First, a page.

Trains of corn were shipped to the Southeast poultry and ethanol markets from the Midwest this past week, and basis bids to farmers firmed at some locations in attempts to prompt sales, Midwest grain dealers said.
Corn trains have moved regularly to the Southeast this winter, while soybean shipments have largely gone to nearby processors. In central Iowa, corn bids rose about 7 cents in a week, while the soybean basis was steady.
On the Mississippi River, an Iowa dealer said export bids for soybeans at his site were 2 cents better than the local processors as the market had a large enough carry to encourage buying now for shipment in the spring, when the river opens.
The corn basis at the river shipper rose a few cents in the past week because of the lack of farmer selling.
Grain sales remained light ahead of the U.S. Department of Agriculture’s January report, with farmers hoping for bullish reactions to the numbers, dealers said.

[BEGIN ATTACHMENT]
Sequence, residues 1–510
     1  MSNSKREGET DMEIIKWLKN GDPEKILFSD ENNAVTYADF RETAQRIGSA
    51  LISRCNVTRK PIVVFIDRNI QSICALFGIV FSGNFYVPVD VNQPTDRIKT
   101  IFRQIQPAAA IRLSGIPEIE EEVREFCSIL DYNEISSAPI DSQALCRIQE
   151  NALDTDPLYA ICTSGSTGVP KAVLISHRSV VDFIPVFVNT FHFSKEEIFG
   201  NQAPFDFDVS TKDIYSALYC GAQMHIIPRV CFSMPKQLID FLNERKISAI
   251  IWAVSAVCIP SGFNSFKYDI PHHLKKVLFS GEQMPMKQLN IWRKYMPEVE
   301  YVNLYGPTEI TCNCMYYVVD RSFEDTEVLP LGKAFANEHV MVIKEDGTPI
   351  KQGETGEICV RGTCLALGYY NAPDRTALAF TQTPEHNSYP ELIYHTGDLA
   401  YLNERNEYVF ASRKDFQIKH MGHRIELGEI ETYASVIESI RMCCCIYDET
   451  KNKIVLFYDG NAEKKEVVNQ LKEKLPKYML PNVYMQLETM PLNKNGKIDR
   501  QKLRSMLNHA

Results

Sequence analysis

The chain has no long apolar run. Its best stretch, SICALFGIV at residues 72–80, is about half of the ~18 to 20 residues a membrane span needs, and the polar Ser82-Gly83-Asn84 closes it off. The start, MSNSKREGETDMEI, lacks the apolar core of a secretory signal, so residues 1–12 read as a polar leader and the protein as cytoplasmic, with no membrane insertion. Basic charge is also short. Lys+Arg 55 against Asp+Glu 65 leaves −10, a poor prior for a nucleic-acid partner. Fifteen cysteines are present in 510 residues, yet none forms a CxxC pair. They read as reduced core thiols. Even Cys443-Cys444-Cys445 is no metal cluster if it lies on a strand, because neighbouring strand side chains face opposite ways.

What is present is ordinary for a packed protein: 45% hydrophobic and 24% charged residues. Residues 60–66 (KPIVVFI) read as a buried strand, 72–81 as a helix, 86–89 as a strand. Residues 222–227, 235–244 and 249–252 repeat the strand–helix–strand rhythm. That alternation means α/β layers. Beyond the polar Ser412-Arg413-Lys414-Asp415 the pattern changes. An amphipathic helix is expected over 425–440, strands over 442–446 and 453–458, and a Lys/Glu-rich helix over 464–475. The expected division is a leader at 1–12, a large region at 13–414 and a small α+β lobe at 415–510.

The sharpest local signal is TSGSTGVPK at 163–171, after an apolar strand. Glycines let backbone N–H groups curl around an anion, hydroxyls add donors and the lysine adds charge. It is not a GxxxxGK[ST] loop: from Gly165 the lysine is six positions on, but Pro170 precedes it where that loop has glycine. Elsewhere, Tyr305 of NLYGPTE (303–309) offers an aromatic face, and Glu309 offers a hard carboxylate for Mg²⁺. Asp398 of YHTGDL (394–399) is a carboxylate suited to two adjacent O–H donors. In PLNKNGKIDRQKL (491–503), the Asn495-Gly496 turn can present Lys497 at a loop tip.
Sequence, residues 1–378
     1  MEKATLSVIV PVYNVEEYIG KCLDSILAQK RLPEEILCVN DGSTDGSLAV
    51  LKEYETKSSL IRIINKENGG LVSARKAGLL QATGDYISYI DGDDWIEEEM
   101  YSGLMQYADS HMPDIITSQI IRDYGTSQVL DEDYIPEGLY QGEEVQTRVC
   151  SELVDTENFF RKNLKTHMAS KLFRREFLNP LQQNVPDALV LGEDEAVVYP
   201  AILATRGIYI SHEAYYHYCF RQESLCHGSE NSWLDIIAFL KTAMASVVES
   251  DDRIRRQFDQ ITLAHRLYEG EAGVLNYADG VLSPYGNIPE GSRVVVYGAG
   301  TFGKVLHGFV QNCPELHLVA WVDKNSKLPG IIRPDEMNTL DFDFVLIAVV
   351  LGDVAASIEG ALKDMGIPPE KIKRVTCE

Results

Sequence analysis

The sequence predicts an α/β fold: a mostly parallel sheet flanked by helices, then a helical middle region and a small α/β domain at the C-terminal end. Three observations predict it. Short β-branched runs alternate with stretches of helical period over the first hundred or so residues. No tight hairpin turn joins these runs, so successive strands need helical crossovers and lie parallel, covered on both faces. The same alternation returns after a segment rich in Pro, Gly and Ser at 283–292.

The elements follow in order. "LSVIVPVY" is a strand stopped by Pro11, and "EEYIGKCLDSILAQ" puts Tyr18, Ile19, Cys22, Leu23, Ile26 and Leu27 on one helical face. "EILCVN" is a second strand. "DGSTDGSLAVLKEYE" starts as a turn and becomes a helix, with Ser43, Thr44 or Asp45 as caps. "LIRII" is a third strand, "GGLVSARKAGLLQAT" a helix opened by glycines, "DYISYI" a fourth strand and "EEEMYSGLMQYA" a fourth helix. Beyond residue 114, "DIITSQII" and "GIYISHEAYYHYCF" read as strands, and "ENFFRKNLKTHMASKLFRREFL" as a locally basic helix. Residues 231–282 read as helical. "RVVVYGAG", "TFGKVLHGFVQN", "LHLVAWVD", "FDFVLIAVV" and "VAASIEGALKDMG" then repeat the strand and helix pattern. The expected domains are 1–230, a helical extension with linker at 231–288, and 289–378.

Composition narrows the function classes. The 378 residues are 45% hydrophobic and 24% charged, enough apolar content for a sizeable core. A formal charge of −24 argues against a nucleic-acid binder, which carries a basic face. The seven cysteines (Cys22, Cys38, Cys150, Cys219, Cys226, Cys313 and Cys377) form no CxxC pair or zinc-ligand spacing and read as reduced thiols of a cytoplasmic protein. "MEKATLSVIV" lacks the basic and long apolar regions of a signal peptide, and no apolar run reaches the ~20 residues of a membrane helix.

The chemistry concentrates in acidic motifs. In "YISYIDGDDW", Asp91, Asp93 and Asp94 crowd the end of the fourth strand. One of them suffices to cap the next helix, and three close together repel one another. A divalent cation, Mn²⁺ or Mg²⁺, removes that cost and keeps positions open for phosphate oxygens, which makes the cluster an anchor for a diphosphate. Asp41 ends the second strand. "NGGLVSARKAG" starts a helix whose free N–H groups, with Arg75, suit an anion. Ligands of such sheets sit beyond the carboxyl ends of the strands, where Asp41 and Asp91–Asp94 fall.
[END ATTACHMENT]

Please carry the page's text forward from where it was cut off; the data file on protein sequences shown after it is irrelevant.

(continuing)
Cold weather, with high temperatures of only about 20 degrees Fahrenheit, was common throughout the Midwest early this week. That may have contributed somewhat to the slow farmer selling as the cold may make it hard to start diesel trucks or activate other equipment. Western Iowa had about 7 in. of snow on the ground.
USDA’s weekly export inspections on Monday showed soybean shipments of 45.7 million bu., down from last week and a year ago. China was again the largest recipient. Year-to-date shipments for the crop year are 1.07 billion bu., down about 11% from a year ago.
Corn shipments of 21.7 million bu. were up from a week ago and a year ago, with Mexico and Japan the leading destinations. Year-to-date shipments of 396 million bu. are down 20.5% from a year ago.
Weekly wheat shipments of 14.5 million bu. were up from a week ago and year ago. The Philippines and Mexico were the top destinations. Year-to-date shipments of 461.1 million bu. are down 11% from a year ago.